We’re trying to provide fantasy land for the consumers, but also there’s this real practical issue of how do we even do this if we have to wear masks all the time. There’s plenty of people and actors who can be expressive with just their eyes, but you’d miss a lot. Just like in every day, we miss a lot because we can’t see people’s faces. I end up doing a lot more eye makeup than I usually wear, because there’s no point in wearing blush and lipstick. It’s all eyes when we go out with masks on.

Kirill: Are you personally happy to see movie theaters coming back to business? At one point it felt to me that the entire exhibition industry, or at least here in the US was going to collapse and disappear. Do you think we need movie theaters as a society?

Cynthia: I think “need” is a very strong word. To be fair I have not been in a movie theater since the pandemic started. I think there’s something special about it. We all watch TV, we all watch streaming, and it’s a great way to consume media. But there’s something special about being in a dark room with other people – strangers – watching a story on the big screen. Just like there’s something special about seeing a live performance in a theater with actors on stage. You can film it and put it on TV, but it’s not the same experience.

So I don’t know if I would classify it as a need. Is painting a need? Is sculpture a need? There’s all these different artistic expressions, and sitting in a dark room with light projected on the wall is one of those mediums. It’s a disservice to eliminate it and not have it just because we have another way to watch a story on the screen. It’s an artistic expression, and it’s a unique experience for the audience that you can’t replicate in your living room.

It’s something about the projection and the light and the screen. It has that special quality that you can’t get from a TV screen. It might get less popular or more rare, but I don’t think it will go away.

Kirill: There’s this expression dating back to the Roman Empire – bread and circus. Give the masses something to eat, give them something to be entertained by, and they will never revolt against you. Maybe it is a built-in need for this entertainment at a grand scale. Obviously not gladiators killing each other, but maybe that screen in a dark room feeds our emotional needs a way that a TV screen can’t.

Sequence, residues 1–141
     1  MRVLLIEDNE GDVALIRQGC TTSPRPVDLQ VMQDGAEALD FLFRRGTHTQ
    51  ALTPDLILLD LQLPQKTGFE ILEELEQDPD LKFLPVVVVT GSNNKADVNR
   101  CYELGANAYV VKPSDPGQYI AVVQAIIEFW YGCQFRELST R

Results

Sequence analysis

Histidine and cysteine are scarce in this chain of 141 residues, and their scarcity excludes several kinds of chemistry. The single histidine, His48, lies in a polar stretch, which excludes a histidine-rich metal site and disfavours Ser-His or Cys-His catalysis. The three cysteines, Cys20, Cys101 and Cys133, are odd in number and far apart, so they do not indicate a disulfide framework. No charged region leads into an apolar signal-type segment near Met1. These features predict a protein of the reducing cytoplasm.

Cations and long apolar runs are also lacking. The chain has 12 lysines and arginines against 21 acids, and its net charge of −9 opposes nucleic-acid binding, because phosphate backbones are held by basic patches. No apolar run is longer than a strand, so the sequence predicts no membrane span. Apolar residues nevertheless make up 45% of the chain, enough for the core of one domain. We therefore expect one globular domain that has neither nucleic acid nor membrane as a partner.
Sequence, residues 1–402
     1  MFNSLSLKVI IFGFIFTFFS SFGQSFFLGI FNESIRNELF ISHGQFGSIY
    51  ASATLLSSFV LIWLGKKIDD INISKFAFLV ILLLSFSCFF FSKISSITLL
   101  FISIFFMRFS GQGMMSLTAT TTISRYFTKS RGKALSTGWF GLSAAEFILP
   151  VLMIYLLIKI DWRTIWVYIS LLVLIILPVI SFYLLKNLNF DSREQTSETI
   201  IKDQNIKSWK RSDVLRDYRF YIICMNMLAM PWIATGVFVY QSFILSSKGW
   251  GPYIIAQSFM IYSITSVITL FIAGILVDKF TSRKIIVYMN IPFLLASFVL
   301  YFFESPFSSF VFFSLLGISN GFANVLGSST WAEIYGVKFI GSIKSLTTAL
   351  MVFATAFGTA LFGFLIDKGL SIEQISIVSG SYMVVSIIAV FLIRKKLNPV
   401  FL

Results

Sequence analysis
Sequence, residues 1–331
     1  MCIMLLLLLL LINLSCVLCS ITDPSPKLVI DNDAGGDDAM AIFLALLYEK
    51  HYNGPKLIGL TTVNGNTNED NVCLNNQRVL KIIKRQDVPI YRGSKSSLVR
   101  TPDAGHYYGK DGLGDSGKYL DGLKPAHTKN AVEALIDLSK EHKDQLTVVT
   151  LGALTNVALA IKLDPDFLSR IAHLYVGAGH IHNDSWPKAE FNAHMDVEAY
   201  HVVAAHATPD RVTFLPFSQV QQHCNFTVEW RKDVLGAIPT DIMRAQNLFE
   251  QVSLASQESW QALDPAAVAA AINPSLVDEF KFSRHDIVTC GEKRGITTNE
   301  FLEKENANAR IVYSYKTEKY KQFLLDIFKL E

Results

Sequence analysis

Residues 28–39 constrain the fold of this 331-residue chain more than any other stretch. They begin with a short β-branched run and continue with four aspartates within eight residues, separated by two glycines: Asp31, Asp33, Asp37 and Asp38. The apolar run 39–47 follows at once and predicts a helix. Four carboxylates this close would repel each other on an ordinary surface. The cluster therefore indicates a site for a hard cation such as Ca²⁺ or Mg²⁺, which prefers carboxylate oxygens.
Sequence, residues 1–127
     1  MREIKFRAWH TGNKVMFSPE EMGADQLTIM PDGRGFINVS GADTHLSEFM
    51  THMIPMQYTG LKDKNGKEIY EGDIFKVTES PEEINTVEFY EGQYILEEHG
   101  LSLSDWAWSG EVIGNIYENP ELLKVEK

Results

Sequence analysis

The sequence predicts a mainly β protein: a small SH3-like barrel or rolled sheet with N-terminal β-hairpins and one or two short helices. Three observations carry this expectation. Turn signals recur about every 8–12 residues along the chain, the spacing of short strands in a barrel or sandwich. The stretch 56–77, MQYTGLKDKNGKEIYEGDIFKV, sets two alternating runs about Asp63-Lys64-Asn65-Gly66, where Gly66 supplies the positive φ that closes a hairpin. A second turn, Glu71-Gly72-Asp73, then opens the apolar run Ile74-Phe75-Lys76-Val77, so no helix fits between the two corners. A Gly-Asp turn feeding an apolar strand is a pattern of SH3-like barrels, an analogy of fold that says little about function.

Cynthia: And another part of it is because it’s a communal experience. When you’re watching TV at home, even if you’re doing it with other people you know. But in the movie theater you’re sharing that moment, that experience with a large group of strangers.

It’s funny you bring up the bread and entertainment thing, because there’s another expression from the labor movement, “bread and roses” — “We need our bread, but we need roses too.” Meaning, we can’t just sustain ourselves on food alone. We also need to have beauty in our lives to sustain us spiritually.

It’s an interesting idea. Art, even when it’s commercial art like we do in film and TV, is such a huge part of our culture, but also our need as humans. We need to have beauty and fantasy and storytelling in our life to have rich, meaningful lives.

Kirill: If I give you a piece of paper and a pen, how many different color names would you be able to write down?

Cynthia: How much time do I have? [laughs] With no dictionary and no Internet, I could definitely put down hundreds of names. And then if you include the names of cosmetic colors, I’m going to need more paper.

Kirill: Is there such a thing as your favorite color?

Cynthia: I don’t have one favorite, but I am drawn to certain colors. I like jewel tones, vibrant, deep, saturated colors. If I had to pick one, it would probably be teal. I’m wearing it right now [laughs]. It’s so hard to pick one color. I’m an artist, I like all of them.

Kirill: If you look back at some of your productions, what do you remember? Do you remember the pressure, the budget constraints, the long hours, or do you have a somewhat rosy filter looking back?

Cynthia: There’s an expression that people don’t remember what you say, but they remember how you made them feel, and that’s my answer.

I definitely don’t remember the money [laughs], and I don’t necessarily even remember the makeup design or the actor’s name. For me, it’s how I was made to feel on the production. Was it a collaboration? Did I feel that I was respected and appreciated? Did I feel like I was being rushed all the time? Did that make me anxious? How tired was I on that job? Was it ridiculously cold or hot? Was it long hours every day? That tends to stick too. Was it physically demanding? Hard on my body? I’ll remember those jobs [laughs]. I’ve been lucky that nine times out of ten I’ve had great experiences and good memories.

Kirill: You buy a lottery ticket tomorrow, and you win enough money to not worry about it for the rest of your life. Do you buy that beach house and stay there, or would you still want to be a part of this creative field?

Cynthia: My partner and I just bought a house, and I’m looking at a crack in the wall right now. So I’m thinking that if I had a million dollars, it would probably all go right into fixing up this house [laughs].

But if I won such a large amount of money that I wouldn’t need to think about it anymore, I don’t think I would necessarily leave the business. I would just become very particular about the jobs that I take. I would choose projects with utmost care and only do the things that I felt would grow me as an artist or a person. And maybe also buy that beach house.

And here I’d like to thank Cynthia O’Rourke for taking the time to talk with me about the art and craft of makeup, and Leni Weisberg for making this interview happen. “A Mouthful of Air” will be streaming in early January 2022. And if you want to know more about how films and TV shows are made, click here for additional in-depth interviews in this series.